Wednesday, December 12, 2012

Kuang Si falls

Kuang Si falls are absurdly beautiful. This is where inspirational calendar imagery is made. Ridiculous. Sun beams streaming through misty air as water tumbles down from impossible heights and over ledges, spilling into milky, aquamarine pools below. Lush, green forest, full of massive strangler figs and all kinds of ferns. Plus, there's a bear rescue shelter on the walk to the falls that I would have liked to explore more. I could have spent the whole day here.

Unfortunately we didn't have the whole day to spend here. Kuang Si falls are only about 35 km from Luang Prabang, but takes almost an hour to drive, so we looked around at the travel options, and the most economical option was to go by minibus, which gave us exactly 2 hours to hike around the falls and go for a quick swim. Not nearly enough time! We should have paid the extra money to rent a motorbike and spent the day there. That way we wouldn't have had to be on someone else's itinerary. An itinerary that also included a stop at an "authentic" Hmong village, which unfortunately had that hurry-up-put-that-TV-away-the-tourists-are-coming! feel... We had precisely 10 minutes to visit the village. 

As soon as we stepped off the bus, adorable children in traditional dress greeted us with you-buy-one-dollar-good-price-for-you-pretty-bracelet. As did every villager we passed on the 500 m paved circuit through the village where our bus was ready and waiting with the engine going at the other end. How do these operations start? Do we blame the first traveler/tourist who ever asked 'hey, do you make pancakes with banana?' or do we blame ourselves for thinking 'mmmm, that banana pancake sounds delish!' and perpetuating cultural sacrifices so that we can have a travel experience that doesn't challenge us too much? Or is this just an unavoidable part of a place becoming well traveled?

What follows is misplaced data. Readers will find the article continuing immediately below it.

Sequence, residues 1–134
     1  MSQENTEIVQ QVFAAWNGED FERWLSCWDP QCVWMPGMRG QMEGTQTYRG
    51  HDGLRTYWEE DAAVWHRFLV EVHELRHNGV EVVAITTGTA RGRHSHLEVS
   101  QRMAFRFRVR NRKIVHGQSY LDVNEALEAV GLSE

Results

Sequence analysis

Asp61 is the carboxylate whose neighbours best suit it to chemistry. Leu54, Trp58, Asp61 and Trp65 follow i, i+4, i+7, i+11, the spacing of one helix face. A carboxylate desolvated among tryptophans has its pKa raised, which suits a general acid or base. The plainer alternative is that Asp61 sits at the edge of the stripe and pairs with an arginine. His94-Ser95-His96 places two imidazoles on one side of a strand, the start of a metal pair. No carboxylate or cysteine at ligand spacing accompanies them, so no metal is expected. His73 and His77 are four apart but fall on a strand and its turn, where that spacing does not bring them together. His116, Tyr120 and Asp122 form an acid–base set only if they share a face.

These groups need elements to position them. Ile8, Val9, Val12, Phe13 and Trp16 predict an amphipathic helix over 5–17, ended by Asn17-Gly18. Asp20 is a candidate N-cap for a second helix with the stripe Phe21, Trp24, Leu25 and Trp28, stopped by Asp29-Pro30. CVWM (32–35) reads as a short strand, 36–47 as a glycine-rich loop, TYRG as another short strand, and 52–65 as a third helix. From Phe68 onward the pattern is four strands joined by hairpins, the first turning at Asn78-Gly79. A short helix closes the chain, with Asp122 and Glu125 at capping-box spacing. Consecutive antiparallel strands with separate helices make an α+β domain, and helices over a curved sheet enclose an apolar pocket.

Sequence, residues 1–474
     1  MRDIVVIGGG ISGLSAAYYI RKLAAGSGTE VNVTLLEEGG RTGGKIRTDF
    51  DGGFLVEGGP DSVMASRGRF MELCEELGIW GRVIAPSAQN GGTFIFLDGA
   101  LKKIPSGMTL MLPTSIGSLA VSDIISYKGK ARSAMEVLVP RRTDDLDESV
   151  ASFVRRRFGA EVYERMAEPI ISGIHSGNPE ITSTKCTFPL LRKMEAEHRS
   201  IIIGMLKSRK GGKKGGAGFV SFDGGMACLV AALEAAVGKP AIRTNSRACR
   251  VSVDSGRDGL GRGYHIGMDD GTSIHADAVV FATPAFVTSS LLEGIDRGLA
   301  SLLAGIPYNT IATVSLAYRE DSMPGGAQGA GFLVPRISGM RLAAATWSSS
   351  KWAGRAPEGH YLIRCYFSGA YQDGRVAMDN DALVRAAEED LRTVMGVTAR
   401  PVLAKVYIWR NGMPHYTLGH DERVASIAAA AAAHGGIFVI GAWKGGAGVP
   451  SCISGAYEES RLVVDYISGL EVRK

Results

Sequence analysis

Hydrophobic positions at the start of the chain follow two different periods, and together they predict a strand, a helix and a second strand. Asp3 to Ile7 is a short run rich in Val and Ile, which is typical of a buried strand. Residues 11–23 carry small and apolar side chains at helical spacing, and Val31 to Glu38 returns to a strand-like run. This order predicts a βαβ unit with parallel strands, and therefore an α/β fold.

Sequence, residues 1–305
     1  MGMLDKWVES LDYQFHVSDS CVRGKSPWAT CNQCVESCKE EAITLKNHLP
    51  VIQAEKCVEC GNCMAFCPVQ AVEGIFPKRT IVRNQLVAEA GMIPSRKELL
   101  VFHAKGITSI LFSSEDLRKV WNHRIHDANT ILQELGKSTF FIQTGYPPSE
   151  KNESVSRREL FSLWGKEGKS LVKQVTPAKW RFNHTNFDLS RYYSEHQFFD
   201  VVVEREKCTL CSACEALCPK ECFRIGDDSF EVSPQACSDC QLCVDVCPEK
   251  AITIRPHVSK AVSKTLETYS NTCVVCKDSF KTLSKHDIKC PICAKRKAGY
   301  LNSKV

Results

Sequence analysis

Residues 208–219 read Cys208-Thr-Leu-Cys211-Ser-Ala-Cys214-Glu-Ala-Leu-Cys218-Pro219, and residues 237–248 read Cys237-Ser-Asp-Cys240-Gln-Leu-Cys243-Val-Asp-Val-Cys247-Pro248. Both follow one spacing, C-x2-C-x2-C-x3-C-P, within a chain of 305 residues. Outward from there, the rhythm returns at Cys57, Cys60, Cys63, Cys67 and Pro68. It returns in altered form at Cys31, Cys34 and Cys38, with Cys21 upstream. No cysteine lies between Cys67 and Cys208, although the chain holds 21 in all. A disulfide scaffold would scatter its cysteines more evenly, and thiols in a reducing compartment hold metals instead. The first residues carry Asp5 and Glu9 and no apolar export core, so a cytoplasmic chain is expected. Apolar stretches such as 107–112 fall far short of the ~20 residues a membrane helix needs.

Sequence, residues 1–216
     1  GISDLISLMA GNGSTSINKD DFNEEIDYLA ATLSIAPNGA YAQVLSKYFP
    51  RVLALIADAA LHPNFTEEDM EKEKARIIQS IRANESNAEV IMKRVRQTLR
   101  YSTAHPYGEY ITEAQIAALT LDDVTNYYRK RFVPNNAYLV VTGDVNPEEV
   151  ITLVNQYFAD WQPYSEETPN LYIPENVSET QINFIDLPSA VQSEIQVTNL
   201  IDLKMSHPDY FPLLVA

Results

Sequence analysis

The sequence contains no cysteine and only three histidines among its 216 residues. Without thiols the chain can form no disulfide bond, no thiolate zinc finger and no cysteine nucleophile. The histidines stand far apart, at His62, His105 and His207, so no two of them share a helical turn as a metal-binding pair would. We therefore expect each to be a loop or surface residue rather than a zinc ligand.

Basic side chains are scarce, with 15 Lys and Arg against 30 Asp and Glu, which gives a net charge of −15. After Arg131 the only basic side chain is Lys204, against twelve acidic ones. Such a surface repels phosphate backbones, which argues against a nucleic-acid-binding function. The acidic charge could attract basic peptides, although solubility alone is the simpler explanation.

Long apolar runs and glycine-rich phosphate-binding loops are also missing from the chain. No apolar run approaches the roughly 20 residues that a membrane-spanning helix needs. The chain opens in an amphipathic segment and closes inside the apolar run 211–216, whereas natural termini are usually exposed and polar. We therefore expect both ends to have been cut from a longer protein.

It's just difficult to accept a contrived situation that was created precisely for you and by you. And how am I supposed to have a meaningful encounter with anyone in 10 minutes, especially when their livelihoods depend on my buying that bracelet and moving on. They don't want a meaningful encounter with me, I'm just another tourist. But how do you support the culture but show you're not just another tourist, and that you're interested in more than just these identical souvenirs?

1 comment:

  1. Wow, that looks amazing!
    Thanks for your commentary on the authenticity of the experience. That must be frustrating.